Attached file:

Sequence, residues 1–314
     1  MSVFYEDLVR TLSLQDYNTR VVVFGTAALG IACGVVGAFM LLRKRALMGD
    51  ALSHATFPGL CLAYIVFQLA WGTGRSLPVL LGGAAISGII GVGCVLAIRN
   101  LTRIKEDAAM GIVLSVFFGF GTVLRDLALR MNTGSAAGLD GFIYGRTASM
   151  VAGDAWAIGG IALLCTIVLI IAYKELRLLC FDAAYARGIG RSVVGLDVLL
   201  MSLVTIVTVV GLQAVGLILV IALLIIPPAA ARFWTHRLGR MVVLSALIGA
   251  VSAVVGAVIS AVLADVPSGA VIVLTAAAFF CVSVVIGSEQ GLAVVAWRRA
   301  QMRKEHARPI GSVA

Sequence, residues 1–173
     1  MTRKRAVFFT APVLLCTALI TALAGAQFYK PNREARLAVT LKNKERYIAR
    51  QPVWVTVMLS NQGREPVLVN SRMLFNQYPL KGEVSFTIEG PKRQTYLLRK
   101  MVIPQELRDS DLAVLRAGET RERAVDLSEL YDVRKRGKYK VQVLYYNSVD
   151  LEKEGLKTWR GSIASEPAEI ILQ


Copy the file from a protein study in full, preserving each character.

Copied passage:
Sequence, residues 1–314
     1  MSVFYEDLVR TLSLQDYNTR VVVFGTAALG IACGVVGAFM LLRKRALMGD
    51  ALSHATFPGL CLAYIVFQLA WGTGRSLPVL LGGAAISGII GVGCVLAIRN
   101  LTRIKEDAAM GIVLSVFFGF GTVLRDLALR MNTGSAAGLD GFIYGRTASM
   151  VAGDAWAIGG IALLCTIVLI IAYKELRLLC FDAAYARGIG RSVVGLDVLL
   201  MSLVTIVTVV GLQAVGLILV IALLIIPPAA ARFWTHRLGR MVVLSALIGA
   251  VSAVVGAVIS AVLADVPSGA VIVLTAAAFF CVSVVIGSEQ GLAVVAWRRA
   301  QMRKEHARPI GSVA

Sequence, residues 1–173
     1  MTRKRAVFFT APVLLCTALI TALAGAQFYK PNREARLAVT LKNKERYIAR
    51  QPVWVTVMLS NQGREPVLVN SRMLFNQYPL KGEVSFTIEG PKRQTYLLRK
   101  MVIPQELRDS DLAVLRAGET RERAVDLSEL YDVRKRGKYK VQVLYYNSVD
   151  LEKEGLKTWR GSIASEPAEI ILQ